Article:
July 03, 2008


Sweet Dreams/Dulces Sueños. By Pat Mora. Illustrated by Maribel Suárez. Rayo/HarperCollins. $12.99.

¿El Canguro Tiene Mamá? By Eric Carle. Traducción de Teresa Mlawer. Rayo/HarperCollins. $6.99.

Ana’s Story: A Journey of Hope. By Jenna Bush. HarperTeen. $9.99.

La Historia de Ana: Un Camino Lleno de Esperanza. By Jenna Bush. Translated by Bertha Ruiz de la Concha. HarperTeen. $9.99.

      The United States is already a de facto bilingual English-Spanish country in certain places, such as South Florida, southern California and parts of Texas. Major cities, such as New York, contain important Spanish-speaking areas as well. Although the question of whether bilingualism should be universally accepted, affecting everything from schooling to street signage, is a legitimate one, there is no doubt that it helps native English speakers in many parts of the U.S. if they can speak at least a little Spanish – and books that can help native Spanish speakers learn English serve a real need. The My Family/Mi Familia series is intended to bridge the language gap easily and pleasantly, in both directions, by making simple stories for ages 3-6 available in both languages – an English sentence immediately followed by the same one in Spanish. Sweet Dreams/Dulces Sueños is the second of this planned four-book series, and it works just as well as the first book by the same author and illustrator, Let’s Eat! ¡A Comer! The new book is a going-to-bed story in which Grandma/Abuelita puts three children to bed by giving them kisses and telling them about all the animals going to sleep, such as “Shh, shh, the squirrels are sleeping – Shh, shh…las ardillas están durmiendo.” This is a simple and unchallenging tale, simply told, with pleasant illustrations that can help young children drift off to dreamland in either of two languages, or both.

      Some Spanish-speaking families, or English speakers preferring a simple Spanish-only book, will enjoy Teresa Mlawer’s translation of Eric Carle’s Does a Kangaroo Have a Mother, Too? Published in English in 2000, the book asks simple questions about animal babies and mothers, answering yes – or, in this version, ¡Sí! – to each inquiry about whether this animal or that has a mother. Carle’s always-attractive illustrations are reproduced intact, and the Spanish translation follows the original English closely, all the way to the answer to Carle’s final question about whether all the mothers love their children: Todas las mamas quieren a sus hijitos – a reassuring sentiment in any language.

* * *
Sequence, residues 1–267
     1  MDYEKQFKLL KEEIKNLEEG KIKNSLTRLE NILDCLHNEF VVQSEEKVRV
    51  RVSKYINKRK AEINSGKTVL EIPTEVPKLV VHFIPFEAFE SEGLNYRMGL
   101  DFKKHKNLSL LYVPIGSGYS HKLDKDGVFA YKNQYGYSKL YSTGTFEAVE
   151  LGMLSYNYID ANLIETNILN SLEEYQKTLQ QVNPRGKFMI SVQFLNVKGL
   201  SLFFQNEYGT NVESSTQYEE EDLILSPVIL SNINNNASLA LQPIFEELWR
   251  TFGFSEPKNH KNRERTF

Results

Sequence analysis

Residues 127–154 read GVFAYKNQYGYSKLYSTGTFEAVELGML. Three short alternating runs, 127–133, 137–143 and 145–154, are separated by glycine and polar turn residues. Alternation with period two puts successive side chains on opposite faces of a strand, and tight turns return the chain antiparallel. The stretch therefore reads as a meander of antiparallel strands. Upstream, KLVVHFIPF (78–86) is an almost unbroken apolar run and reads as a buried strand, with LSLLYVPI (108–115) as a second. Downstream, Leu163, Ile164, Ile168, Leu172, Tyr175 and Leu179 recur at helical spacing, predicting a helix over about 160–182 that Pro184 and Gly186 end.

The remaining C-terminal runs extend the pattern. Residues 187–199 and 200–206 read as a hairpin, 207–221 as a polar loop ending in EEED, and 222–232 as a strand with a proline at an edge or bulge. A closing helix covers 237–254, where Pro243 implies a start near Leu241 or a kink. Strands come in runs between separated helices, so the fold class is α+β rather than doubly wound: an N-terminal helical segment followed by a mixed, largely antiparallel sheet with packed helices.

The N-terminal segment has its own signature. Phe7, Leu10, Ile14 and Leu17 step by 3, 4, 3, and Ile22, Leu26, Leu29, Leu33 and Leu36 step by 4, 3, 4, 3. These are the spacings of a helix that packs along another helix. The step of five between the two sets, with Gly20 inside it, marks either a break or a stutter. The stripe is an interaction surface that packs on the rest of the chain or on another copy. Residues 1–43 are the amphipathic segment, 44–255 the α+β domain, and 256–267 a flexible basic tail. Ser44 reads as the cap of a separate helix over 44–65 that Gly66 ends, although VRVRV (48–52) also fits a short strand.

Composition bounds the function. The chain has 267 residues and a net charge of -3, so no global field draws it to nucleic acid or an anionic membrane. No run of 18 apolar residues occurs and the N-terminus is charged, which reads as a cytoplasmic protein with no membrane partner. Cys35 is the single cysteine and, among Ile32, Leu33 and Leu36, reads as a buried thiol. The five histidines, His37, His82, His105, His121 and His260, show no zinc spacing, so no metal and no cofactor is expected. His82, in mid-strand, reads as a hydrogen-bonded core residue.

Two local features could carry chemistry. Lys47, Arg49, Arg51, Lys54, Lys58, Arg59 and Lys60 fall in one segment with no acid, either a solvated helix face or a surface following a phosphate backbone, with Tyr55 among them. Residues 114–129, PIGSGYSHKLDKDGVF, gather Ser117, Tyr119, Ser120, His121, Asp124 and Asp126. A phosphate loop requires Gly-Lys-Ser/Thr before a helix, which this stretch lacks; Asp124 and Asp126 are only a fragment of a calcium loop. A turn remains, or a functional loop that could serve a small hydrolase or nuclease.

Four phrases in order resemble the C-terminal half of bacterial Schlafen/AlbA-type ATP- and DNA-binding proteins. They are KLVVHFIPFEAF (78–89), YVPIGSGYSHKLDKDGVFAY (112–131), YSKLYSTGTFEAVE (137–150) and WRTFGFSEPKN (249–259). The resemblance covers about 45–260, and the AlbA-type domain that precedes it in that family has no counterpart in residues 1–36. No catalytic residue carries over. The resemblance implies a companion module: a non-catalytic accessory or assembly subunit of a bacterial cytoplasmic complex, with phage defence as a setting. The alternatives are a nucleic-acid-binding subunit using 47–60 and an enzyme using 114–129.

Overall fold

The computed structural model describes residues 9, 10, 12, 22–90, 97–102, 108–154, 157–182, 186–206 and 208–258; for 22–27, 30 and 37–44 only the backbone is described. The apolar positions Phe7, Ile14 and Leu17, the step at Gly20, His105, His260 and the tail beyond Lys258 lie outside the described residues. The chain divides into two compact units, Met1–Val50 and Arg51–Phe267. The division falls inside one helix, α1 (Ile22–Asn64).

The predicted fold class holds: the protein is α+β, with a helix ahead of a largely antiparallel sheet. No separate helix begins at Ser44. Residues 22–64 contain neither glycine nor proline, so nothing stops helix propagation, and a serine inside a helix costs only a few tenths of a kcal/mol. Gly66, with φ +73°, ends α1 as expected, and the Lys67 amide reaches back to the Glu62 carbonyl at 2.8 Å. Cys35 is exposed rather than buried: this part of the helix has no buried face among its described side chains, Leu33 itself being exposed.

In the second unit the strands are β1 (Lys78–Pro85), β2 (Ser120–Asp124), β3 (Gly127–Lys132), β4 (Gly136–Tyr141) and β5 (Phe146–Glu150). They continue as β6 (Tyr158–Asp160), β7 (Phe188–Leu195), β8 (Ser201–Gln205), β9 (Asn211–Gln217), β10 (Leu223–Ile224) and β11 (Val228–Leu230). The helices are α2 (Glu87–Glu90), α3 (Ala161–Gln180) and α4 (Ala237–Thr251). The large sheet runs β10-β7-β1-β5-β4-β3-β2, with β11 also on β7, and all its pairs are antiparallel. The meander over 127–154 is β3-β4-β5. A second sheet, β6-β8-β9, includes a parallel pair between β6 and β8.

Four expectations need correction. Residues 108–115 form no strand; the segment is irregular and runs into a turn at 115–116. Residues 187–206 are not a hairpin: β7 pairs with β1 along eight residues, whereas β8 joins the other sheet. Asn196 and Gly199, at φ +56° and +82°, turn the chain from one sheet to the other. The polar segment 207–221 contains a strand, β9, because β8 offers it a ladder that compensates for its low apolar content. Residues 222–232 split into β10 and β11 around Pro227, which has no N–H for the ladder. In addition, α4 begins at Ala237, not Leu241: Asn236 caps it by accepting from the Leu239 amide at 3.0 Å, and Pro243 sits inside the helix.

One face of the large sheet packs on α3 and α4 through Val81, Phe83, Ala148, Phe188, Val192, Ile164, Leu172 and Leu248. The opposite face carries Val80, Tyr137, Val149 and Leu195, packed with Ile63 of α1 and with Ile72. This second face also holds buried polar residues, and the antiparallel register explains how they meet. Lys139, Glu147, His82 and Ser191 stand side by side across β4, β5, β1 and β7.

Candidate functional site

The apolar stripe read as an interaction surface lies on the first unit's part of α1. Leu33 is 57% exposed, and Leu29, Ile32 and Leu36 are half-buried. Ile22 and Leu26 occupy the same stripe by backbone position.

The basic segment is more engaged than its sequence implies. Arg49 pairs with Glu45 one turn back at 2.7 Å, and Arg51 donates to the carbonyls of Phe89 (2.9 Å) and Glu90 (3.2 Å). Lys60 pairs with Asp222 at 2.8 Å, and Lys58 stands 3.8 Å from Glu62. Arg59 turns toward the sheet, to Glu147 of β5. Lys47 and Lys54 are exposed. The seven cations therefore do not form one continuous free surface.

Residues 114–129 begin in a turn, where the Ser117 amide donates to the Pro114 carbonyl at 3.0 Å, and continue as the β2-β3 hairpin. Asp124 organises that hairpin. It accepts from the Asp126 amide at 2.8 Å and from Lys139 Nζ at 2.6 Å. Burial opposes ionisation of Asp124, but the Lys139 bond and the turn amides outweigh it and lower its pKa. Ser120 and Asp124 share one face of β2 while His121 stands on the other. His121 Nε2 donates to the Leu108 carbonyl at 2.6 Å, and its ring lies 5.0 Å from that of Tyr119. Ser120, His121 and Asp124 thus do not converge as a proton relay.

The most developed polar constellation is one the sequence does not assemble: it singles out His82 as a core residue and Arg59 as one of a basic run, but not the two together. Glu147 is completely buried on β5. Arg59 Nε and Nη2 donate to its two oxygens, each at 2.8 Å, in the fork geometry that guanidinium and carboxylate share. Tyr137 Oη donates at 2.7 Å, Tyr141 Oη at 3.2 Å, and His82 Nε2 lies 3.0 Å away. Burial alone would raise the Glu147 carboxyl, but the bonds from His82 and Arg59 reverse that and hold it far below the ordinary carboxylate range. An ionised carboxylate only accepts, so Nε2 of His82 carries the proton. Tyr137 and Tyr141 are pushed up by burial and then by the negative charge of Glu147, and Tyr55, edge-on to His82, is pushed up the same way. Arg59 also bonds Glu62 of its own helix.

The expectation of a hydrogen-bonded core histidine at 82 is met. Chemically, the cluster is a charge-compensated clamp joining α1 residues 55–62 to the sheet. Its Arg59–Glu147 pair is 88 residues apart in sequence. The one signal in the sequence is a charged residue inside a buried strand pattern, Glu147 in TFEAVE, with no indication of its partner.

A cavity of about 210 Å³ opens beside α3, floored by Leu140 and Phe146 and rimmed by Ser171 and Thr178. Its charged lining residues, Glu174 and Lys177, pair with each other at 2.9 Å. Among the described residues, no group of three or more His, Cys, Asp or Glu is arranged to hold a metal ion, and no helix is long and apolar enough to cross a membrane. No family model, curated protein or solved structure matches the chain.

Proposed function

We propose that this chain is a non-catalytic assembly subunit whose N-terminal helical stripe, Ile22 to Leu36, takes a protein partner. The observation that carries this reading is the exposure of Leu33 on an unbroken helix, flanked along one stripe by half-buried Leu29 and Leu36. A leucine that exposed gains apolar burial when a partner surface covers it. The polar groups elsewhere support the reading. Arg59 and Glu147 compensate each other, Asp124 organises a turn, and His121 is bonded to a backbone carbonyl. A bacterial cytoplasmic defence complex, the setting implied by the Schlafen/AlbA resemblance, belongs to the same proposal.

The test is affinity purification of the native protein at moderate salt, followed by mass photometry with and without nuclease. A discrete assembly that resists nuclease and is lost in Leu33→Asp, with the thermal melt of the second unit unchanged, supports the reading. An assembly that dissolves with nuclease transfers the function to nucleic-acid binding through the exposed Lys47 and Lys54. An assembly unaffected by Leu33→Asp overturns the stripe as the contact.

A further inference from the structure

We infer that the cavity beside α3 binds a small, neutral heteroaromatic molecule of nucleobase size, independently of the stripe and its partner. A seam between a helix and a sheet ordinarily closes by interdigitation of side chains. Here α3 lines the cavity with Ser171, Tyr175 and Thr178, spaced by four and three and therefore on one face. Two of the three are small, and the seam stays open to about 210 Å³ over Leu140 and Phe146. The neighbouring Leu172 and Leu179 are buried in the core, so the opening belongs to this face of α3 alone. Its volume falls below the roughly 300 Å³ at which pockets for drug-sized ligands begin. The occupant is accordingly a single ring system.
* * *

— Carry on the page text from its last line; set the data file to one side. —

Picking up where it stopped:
There is not much that is reassuring in Jenna Bush’s Ana’s Story, which is now available in paperback and has been issued in both an English edition and a Spanish one. Here the Spanish version is especially welcome, since this is a story from Latin America and may speak especially strongly to Spanish speakers. By now, the tale is well known: Ana is a 17-year-old single mother who is HIV-positive after inheriting the deadly virus from her mother, who died when Ana was very young. Ana’s determination to live with HIV rather than die from it, and to give her daughter a better life than she herself has had, is the sort of heart-tugging true story that easily crosses language (and class) barriers. It was of course the author’s celebrity that first brought her book wide attention, and many of the questions thrown at her during her publicity tours had nothing to do with Ana’s Story. Stripped of its celebrity connection, the book remains a harrowing piece of nonfiction that, unfortunately, adds very little to the debate about HIV, poverty, and the scarcity of health resources in the poorer countries of the world. The book is short, with 290 wide-margin pages, many of them half-blank or filled with well-shot but often irrelevant photos by Mia Baxter. Bush presents an affecting narrative: the bickering relatives, uncaring judicial system and strong determination of Ana as a single mother add up to a story of woe and power. Unfortunately, it is more than a twice-told tale. Entrenched ruling elites, official corruption, indifference to the plight of the poor, lack of interest in or understanding of serious diseases, and diversion of resources (including foreign aid) to line the pockets of thuggish leaders are facts of life and death in countries throughout Latin America, Africa and Asia. The personal details of Ana’s life are well communicated, and the book’s simplistic style should help it reach out even to young readers, in both English and Spanish. But there is no tidy ending here, as Bush herself points out; and there are no suggestions that are likely to prevent other stories like Ana’s from being written again and again by other well-meaning celebrity and non-celebrity authors, year after year after year. Hope alone is not enough to relieve the systemic problems that create so many stories of so many people like Ana. Those problems are more than a pity – they are a disgrace.

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